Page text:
Claude Debussy's Painterly Preludes

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Claude Debussy gave many of his piano preludes visually evocative titles, such as "The Sunken Cathedral" and "Footsteps in the Snow." i i

Claude Debussy gave many of his piano preludes visually evocative titles, such as "The Sunken Cathedral" and "Footsteps in the Snow." Wolfgang Schroetter/istockphoto hide caption

itoggle caption Wolfgang Schroetter/istockphoto
Claude Debussy gave many of his piano preludes visually evocative titles, such as "The Sunken Cathedral" and "Footsteps in the Snow."

Claude Debussy gave many of his piano preludes visually evocative titles, such as "The Sunken Cathedral" and "Footsteps in the Snow."

Wolfgang Schroetter/istockphoto

Claude Debussy was slow to develop as a composer for the piano, despite the fact that it was his instrument of choice. But the piano works he did write are extraordinarily important. In their innovative treatment of sonority, in their use of unconventional modes and scales, and in their successful avoidance of the cliches of 19th-century "virtuosity." They open the door to an entire, new world of pianistic possibilities, a world that composers today are nowhere near finished exploring.

The floating, elusive quality of much of Debussy's writing for the piano — derived from a constantly changing yet agreeably static texture of bell-like tones overlapped and gradually decaying — is only one characteristic of a complex style.

By the time he wrote his preludes in the second decade of the 20th century, he had refined this idea. The twenty-four preludes have titles like "The Sunken Cathedral" and "Fireworks." Debussy draws upon the piano's ability to sustain tones and harmonies, to float in the air, and to intrigue the ear in an entirely new way.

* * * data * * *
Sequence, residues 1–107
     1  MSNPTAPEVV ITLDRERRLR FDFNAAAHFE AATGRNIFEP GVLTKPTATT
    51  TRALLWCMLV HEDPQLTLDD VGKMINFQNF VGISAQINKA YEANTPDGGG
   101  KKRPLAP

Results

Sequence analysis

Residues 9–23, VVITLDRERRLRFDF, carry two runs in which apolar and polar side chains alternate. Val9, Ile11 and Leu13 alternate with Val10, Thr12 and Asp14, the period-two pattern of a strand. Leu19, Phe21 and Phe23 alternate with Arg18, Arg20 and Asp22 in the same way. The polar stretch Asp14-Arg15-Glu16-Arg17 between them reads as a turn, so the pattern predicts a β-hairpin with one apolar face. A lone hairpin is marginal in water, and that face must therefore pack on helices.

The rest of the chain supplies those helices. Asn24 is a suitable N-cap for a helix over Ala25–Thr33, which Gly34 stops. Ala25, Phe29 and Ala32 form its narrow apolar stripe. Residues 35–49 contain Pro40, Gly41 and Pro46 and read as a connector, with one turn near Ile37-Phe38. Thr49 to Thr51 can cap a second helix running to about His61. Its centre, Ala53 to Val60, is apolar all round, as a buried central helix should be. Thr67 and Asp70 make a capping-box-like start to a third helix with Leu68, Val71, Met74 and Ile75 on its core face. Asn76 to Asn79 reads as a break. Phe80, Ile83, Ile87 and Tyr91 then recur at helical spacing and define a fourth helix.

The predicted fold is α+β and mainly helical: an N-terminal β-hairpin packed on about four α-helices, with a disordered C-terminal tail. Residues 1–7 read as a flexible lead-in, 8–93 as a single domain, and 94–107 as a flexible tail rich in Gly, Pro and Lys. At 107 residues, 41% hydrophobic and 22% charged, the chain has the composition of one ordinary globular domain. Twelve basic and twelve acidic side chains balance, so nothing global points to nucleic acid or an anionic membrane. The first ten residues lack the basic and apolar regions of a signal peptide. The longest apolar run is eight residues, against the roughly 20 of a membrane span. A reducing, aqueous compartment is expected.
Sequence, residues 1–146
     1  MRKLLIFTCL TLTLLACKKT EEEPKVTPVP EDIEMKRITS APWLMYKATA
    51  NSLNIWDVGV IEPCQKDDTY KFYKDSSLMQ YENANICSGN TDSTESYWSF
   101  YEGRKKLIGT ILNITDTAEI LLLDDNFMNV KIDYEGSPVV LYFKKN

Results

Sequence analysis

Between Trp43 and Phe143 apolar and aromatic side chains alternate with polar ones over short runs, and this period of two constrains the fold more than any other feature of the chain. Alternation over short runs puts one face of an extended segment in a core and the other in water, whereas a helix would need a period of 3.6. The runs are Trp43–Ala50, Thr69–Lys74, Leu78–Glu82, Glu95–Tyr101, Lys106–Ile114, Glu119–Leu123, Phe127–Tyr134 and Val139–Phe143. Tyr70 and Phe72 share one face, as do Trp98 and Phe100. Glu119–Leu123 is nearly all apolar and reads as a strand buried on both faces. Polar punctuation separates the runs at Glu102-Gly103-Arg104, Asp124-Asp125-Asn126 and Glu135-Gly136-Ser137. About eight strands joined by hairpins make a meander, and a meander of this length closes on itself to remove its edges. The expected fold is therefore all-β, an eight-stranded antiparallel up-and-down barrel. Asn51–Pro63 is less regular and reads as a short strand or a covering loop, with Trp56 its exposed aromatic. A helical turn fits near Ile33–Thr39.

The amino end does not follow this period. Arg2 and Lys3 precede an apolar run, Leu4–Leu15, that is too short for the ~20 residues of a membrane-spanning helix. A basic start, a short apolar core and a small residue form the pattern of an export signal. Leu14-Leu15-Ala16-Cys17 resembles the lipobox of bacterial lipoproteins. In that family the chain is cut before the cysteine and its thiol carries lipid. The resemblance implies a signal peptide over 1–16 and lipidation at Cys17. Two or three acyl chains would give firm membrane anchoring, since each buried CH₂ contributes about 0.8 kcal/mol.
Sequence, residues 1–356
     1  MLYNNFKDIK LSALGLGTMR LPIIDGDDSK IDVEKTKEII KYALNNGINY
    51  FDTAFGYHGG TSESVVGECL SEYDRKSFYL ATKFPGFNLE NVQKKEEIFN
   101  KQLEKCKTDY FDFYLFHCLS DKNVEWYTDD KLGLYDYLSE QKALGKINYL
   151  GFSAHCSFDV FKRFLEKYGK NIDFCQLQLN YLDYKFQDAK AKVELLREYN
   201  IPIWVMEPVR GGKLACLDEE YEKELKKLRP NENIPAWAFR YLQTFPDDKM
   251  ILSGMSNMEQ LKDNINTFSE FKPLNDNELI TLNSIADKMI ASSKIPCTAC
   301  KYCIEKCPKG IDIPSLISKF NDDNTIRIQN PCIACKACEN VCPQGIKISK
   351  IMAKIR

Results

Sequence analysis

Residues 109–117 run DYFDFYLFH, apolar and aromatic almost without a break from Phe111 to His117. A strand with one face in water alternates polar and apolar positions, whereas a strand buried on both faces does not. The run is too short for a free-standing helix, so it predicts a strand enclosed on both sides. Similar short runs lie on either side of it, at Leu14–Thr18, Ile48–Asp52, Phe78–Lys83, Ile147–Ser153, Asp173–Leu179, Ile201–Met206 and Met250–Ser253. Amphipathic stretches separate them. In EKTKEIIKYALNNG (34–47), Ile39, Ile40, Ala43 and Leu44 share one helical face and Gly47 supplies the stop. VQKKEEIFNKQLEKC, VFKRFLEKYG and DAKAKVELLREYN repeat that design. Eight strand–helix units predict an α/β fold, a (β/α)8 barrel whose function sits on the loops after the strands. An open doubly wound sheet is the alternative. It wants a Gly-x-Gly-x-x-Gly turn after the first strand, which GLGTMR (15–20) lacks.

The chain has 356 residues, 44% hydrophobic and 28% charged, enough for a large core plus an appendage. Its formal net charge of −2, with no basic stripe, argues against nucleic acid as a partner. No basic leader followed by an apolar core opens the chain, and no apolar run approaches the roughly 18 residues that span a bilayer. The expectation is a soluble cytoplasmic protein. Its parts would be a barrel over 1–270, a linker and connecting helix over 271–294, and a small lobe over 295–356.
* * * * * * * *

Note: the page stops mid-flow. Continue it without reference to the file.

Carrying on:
Paul Jacobs' Bell-Like Sounds

Paul Jacobs, for me, is the gold standard for the piano music of Debussy. He recorded almost all of it for Nonesuch Records during the 1970's, including the two books of preludes on one release. The sound is slightly veiled, partly because of the recording technique and partly from the piano that was used. The instrument is a Bosendorfer, which has a very soft but big sound in the bass, and bell-like tones in the upper register. It's not as brilliant as a concert Steinway, but is very much like the sound Debussy himself achieved on his own pianos. The big, tolling, bell-like sound Jacobs uses in these pieces is ideal for this music.

Purchase Featured Music

Debussy: Préludes for Piano, Books 1 & 2

Purchase Music

Purchase Featured Music

Album
Debussy: Préludes for Piano, Books 1 & 2
Artist
Paul Jacobs
Label
Nonesuch
Released
1997

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